Notes in the Margins: Banks, the lure of Canada and the male education gap

New College Grad Takes Job They Don’t Want Every 5 Minutes A recent study, which focused on underemployment among recent college graduates, found about 120,000 of people who last year obtained bachelor’s degrees took jobs in sectors other than those which they most preferred. Very often, that means getting a job in retail or restaurant work, two sectors in which four to five times more graduates are working than would prefer to. (The Huffington Post)

Bridging the male education gap American women are making gains; men aren’t. Why? In the ongoing discussion of how to boost the education and skill levels of the American workforce, one central issue is rarely addressed: the gap between male and female achievement. The reality is that the slowdown in U.S. educational gains is predominantly a male affair, and one that drags down the overall competitiveness of our workforce and workers’ ability to land (or create) good jobs. (Los Angeles Times)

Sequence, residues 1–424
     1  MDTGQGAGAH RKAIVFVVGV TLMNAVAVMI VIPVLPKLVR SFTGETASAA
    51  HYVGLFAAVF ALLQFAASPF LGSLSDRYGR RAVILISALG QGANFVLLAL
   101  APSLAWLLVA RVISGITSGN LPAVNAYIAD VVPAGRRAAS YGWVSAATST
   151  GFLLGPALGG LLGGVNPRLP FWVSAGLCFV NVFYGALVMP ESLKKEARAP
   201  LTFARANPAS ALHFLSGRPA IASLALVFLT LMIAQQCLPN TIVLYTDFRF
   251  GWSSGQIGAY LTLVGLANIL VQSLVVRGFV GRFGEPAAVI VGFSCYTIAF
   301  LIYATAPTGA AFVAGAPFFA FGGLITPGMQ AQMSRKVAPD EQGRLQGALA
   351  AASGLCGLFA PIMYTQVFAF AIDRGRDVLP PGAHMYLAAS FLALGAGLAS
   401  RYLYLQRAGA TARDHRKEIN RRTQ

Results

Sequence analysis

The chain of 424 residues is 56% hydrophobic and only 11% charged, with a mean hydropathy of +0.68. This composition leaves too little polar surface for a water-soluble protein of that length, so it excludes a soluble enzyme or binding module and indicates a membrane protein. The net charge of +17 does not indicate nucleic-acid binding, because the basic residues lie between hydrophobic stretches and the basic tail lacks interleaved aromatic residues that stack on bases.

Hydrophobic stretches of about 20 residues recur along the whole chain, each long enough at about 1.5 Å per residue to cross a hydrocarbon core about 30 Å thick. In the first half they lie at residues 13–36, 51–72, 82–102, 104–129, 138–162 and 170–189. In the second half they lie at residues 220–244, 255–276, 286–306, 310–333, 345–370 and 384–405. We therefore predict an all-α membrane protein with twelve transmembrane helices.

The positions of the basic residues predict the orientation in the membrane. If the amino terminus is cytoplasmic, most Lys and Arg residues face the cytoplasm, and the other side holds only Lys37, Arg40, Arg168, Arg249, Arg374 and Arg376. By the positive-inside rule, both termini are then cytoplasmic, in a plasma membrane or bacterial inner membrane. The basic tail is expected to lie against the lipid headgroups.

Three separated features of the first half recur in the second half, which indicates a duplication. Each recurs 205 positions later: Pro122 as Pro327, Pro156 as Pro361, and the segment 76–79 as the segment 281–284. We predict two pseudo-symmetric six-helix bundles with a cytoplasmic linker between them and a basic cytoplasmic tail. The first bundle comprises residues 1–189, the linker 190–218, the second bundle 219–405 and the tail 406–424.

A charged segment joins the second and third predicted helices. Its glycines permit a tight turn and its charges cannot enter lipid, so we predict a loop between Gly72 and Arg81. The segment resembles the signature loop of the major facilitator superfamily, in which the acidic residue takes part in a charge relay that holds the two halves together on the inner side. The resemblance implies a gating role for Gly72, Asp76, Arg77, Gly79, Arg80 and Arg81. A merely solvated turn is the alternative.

Economic Scene: Dropping Out of College, and Paying the Price College graduates have higher employment rates and make more money, but many students drop out because the cost of college seems to be more than their job prospects are worth. (The New York Times)

As Canadian colleges cater to international students, Americans head north Since 2000, there has been a 50% increase in the number of U.S. students enrolling at Canadian colleges and universities, according to the Institute for College Access & Success, and the Association of Universities and Colleges of Canada (AUCC) expects that figure to rise. (USA Today)

Fed Official Says U.S. Banks Should Aid Student-Loan Borrowers U.S. banks should reduce default risk by helping borrowers challenged by repayment of private student loans to come up with alternative payment plans, a Federal Reserve official said. Making changes to such plans is usually in the interest of both bank and borrower, leading to better loan performance, increased recoveries, and reduced credit risk. (Bloomberg Businessweek via NAICU)